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Relcross Auto Equalizers Help Keep Library Accessible to All

24 November 2010

Relcross Auto Equalizer door operators are being used in the ongoing refurbishment of Edinburgh University Library.

The Auto Equalizer is unusual among automatic operators because it can be used as a conventional stand-alone overhead door closer with all the usual adjustments such as closing speed, latching speed and back-check as standard. But when required it can be pneumatically powered either manually, via an actuator such as a wall mounted switch, or automatically, via infra red sensors for example, creating a fully automatic door operator.

Edinburgh University Library is housed in an imposing building in George Square in the heart of the city near the Meadows. Although the library itself was founded as long ago as 1580 the current building that houses it was designed by Sir Basil Spence, J Hardie Glover and Andrew Merrylees in the 1960s. The style is typical 1960s sobriety but the interior features large amounts of timber with internal rhythms evoking thoughts of Alvar Aalto.

The building was formally opened by the Chancellor of the Edinburgh University, HRH The Prince Philip, Duke of Edinburgh, in 1968 and refurbished in 1999. By 2007 a more extensive refurbishment was needed but both the interior and exterior of the building had been ‘A’ listed in 2006 so any work would need to be done sympathetically and with respect to the original design.

Architects Lewis & Hickey were appointed by the University to mastermind the refurbishment. The £36m project commenced in 2008 and has progressed on a floor by floor basis to maintain constant usability while the work is in progress. Currently, four of the eight floors have been completed - good progress bearing in mind that each floor covers approximately one acre. When fully complete in 2012 the complex will contain staff accommodation, a café, information services, various student services and study areas and, naturally, a vast collection of books and other reference material.

One of the design requirements identified was to improve traffic flow through the building with particular regard to the DDA. Most of the doorsets are relatively small double doors rather than large singles and this creates particular problems for wheelchair users because even opening one door successfully would not create an space wide enough for a wheelchair. For a disabled person to open both doors unaided is a virtual impossibility. Similar problems are experienced by library staff with book trolleys even with their greater mobility.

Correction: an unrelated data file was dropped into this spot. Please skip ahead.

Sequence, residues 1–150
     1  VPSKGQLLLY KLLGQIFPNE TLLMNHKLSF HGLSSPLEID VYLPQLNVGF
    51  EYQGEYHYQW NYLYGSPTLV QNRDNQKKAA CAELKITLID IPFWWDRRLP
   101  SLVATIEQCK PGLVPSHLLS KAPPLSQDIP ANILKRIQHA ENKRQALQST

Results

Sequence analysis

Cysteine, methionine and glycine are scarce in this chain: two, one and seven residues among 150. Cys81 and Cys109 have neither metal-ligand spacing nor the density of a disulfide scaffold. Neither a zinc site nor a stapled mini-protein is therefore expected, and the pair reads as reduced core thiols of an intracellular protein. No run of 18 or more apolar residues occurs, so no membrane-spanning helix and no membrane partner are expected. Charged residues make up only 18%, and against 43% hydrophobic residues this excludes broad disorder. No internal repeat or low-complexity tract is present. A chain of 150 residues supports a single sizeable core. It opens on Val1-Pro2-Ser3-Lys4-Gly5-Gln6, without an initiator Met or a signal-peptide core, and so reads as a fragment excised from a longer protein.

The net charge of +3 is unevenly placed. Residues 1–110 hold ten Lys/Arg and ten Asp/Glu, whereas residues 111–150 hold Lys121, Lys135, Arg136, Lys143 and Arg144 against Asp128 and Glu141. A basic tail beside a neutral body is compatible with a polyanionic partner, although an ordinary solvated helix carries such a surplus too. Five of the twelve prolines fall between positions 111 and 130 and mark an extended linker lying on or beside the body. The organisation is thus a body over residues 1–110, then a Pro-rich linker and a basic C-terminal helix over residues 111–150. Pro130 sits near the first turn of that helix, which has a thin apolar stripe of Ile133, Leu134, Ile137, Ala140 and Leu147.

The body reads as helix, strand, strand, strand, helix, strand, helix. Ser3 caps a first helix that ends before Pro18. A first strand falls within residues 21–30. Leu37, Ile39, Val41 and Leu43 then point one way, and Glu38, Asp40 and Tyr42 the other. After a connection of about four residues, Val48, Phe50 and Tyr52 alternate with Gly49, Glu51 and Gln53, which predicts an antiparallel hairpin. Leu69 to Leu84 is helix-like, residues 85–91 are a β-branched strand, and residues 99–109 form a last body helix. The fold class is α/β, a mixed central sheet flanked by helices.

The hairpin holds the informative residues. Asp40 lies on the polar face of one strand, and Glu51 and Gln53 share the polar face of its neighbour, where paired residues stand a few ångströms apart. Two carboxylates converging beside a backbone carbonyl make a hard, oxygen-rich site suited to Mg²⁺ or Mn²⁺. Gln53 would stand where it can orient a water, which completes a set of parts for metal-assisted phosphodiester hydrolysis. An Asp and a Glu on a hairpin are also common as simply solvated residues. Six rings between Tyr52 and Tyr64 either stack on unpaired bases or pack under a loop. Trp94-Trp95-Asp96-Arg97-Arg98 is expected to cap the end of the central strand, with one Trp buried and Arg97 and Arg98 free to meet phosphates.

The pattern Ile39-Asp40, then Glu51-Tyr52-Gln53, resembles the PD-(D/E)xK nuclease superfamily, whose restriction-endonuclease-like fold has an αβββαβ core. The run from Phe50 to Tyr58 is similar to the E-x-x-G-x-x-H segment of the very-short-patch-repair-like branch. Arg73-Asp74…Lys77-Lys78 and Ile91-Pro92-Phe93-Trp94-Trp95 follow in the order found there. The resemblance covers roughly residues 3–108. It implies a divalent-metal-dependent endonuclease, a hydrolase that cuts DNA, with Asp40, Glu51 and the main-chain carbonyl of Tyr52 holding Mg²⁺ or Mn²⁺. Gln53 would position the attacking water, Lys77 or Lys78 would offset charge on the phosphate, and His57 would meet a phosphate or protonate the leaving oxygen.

Inevitably many of the doors are also fire doors and this adds further complications. Lewis & Hickey considered the options carefully. Floor mounted systems could not be used as there is insufficient space below floor level to house the mechanisms. Many standard door closers could not be fitted to doors this small or could not cope with the fire specifications. Eventually the use of a pneumatic system was suggested and some further research led them to the Relcross Auto Equalizer.

The system has three main components which vary in their capacity depending upon the number of doors within the system. Firstly there is one operator per door leaf, usually mounted to the frame above the door. The Relcross Auto Equalizer uses the REL.4000 series door closer with the addition of a bolt-on air cylinder. When the switch is actuated, air pressure is used to overcome the resistance of the spring to open the door. When the air is released the spring and hydraulics take over, closing the door in a controlled mechanical fashion. Secondly each system (or group of doors) has a separate controller incorporating one air valve per door or pair of doors. This enables both doors to be opened in unison and held open long enough to allow users through the entrance.

Controllers are custom built to give optimum performance for each installation. Thirdly, all Auto Equalizer systems are reliant upon a source of compressed air to power them. The capacity of the compressor is selected carefully at the specification stage to accommodate the likely traffic profile (i.e. frequency of use of doors) and the distances involved between the compressor and the doors to be controlled. Reserve tanks can be added where necessary.

An added advantage is reliability and ease of service. A lack of reliance upon micro-processors and (often) complicated electronics means the Relcross Auto Equalizer has much less opportunity for failure. It has been independently tested to over three million full load cycles and requires only occasional, minimal servicing of the compressor, usually with easily available proprietary components. And finally, vital in a library, the compressor is almost silent in operation with a noise level of dB (A)/1m 45 - equivalent to a ‘country quiet’ sound level.

Project Director Emily Forde is very happy with the installation. “Many of the Auto Equalizers are on double doors in a ‘hold open’ state, automatically released in the event of fire. Others are on single doors and all have push button actuators for disabled users, staff with trolleys or indeed anyone with their hands full” she said. “The installation has gone very well on the 4 floors we’ve completed so far. Traffic flow has increased by nearly 60% into and through the building and everything is still working very smoothly.” Relcross Sales and Marketing Director Stuart McMaster said “Auto Equalizers become more cost effective the more doors they control and a project like the Edinburgh University Library is an ideal showcase for their capabilities.” For further information call Relcross on 01380 729600, email sales@relcross.co.uk or visit www.relcross.co.uk

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